This commentary was originally published in the Inter-American Dialogue's Latin America Advisor on August 27, 2012.
Aug. 7 marked the 25th anniversary of the Esquipulas II Peace Accords, which helped provide the framework to end years of conflict in Central America. Speaking at the OAS, former Guatemalan President Vinicio Cerezo called for a new Esquipulas Accord to confront the issues that currently threaten the region's stability, arguing that violence, corruption and inequality can only be mitigated by a cohesive response from Central America's leaders. Would signing an "Esquipulas III" be a good idea? In what ways has Central America seen successes in recent years, and which are its most intractable problems? How should weak institutions be strengthened? What steps could leaders take to more effectively confront the region's crises?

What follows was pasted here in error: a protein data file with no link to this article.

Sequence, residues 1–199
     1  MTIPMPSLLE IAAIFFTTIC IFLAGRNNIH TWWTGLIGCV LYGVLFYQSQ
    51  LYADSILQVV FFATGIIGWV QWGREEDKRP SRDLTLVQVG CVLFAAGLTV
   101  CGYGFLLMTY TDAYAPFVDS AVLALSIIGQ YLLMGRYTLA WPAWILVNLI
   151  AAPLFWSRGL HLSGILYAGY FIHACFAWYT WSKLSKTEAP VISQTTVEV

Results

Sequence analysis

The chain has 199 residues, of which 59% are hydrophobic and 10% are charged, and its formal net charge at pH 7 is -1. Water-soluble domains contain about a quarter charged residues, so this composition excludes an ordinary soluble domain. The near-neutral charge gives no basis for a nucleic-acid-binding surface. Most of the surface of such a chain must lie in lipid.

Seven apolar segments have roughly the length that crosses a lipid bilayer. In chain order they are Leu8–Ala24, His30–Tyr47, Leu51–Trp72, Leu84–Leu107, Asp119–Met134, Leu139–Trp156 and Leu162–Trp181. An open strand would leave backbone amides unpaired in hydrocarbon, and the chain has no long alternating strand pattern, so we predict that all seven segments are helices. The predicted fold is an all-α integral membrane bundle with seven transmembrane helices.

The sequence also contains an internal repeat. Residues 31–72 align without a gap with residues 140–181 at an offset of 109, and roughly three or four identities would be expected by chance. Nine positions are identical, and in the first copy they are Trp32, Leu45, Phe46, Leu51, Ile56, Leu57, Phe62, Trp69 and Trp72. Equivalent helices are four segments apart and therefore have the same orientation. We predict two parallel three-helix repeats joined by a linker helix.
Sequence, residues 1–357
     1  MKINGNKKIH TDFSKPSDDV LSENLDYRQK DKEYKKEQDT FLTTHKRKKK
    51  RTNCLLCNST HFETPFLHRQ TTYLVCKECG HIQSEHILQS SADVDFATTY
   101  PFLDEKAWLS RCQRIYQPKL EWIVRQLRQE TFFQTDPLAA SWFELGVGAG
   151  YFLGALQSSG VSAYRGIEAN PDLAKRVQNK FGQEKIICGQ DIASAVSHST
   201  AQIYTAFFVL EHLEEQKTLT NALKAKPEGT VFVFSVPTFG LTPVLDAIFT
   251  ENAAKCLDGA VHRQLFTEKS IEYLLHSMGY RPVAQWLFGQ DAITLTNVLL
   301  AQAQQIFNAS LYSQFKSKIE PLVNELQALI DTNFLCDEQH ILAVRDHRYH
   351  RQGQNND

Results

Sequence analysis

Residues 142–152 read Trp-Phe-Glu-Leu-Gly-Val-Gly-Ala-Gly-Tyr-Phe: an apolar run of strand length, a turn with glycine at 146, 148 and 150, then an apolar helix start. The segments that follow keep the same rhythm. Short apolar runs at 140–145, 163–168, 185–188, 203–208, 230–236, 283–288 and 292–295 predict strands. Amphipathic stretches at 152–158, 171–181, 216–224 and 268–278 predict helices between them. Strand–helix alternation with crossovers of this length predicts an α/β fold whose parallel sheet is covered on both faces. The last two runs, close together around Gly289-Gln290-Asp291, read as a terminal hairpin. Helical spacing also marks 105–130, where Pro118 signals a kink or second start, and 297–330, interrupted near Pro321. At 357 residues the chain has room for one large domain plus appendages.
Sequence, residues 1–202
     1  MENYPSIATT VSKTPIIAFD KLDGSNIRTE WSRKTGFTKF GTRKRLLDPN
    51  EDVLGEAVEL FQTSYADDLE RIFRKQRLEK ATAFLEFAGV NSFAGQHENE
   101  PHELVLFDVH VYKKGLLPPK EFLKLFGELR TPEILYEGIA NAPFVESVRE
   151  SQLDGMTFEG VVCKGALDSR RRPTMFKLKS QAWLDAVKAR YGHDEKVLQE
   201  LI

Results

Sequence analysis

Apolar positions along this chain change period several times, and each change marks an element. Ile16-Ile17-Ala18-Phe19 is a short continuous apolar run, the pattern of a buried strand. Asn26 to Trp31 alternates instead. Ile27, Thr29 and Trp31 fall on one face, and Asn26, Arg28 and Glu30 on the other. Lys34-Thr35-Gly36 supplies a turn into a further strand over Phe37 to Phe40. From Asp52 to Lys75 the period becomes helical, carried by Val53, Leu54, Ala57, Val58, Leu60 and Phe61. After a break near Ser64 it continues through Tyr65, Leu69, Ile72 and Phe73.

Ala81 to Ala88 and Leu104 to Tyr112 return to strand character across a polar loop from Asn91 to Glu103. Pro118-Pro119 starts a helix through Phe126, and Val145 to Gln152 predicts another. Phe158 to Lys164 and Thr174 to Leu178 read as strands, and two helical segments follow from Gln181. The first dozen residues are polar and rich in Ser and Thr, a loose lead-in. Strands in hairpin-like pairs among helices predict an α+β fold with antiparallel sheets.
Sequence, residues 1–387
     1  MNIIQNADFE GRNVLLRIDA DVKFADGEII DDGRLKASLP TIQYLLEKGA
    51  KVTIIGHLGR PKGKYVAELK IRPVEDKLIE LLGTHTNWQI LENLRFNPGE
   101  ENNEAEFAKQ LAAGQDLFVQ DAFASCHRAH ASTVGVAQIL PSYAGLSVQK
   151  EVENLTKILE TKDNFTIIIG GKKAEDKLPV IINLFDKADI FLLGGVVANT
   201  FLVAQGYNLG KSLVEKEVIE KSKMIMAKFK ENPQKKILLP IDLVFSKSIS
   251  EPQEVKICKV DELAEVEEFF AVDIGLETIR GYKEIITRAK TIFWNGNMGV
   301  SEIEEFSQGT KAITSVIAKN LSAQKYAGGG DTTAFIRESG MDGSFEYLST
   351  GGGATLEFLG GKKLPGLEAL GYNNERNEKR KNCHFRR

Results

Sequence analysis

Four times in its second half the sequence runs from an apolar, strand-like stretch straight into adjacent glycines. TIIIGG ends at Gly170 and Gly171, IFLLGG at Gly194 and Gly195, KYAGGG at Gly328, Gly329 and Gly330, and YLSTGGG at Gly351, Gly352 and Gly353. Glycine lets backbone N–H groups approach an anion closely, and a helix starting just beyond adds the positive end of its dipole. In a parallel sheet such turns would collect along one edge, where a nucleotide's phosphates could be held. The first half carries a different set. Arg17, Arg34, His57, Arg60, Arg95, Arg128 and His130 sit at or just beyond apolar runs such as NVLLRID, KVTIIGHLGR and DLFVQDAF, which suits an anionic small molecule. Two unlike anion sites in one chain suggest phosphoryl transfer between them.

Cynthia J. Arnson: "Esquipulas II represented an unprecedented effort on the part of Central American nations to put forward a common vision for how to overcome armed conflict in the region. It was not a laundry list of objectives, but rather a relatively small number of basic principles to guide internal as well as international behavior: privileging dialogue and negotiation over military means, promoting internal democratization and calling for an end to outside support of the parties to the conflict. The peace plan provided a basic architecture around which multiple actors coalesced and it became a central organizing principle for U.S. policy in an environment fractured, first, by the Iran- Contra scandal, and subsequently by the end of the Cold War. Since the end of armed conflict, there have been many advances in terms of formal democratization—the widening of political spaces, a much more open and plural debate in the media, growing activism by groups in civil society on a host of policy issues. But the crisis of citizen security and gang violence—which pre-dated by and is far more prevalent than the violence caused by drug trafficking and other forms of transnational organized crime—is reinforcing authoritarian tendencies, retarding processes of judicial and police reform and making the material conditions of life for large numbers of people simply intolerable. Moreover, the absence of consensus on social issues, reflected in some of the lowest rates of taxation in the hemisphere and levels of spending on education and health that are below the regional averages, has left deep social cleavages that provide a steady incentive for millions of people to migrate. Overcoming these deep social divides is an urgent task. The failure to do so only exacerbates the security problems and in more global terms, undermines the region’s competitiveness. Esquipulas III must have the construction of social pacts as its central goal, without which Central American countries will continue to find it impossible to achieve sustainable development or resolve the deep security crisis."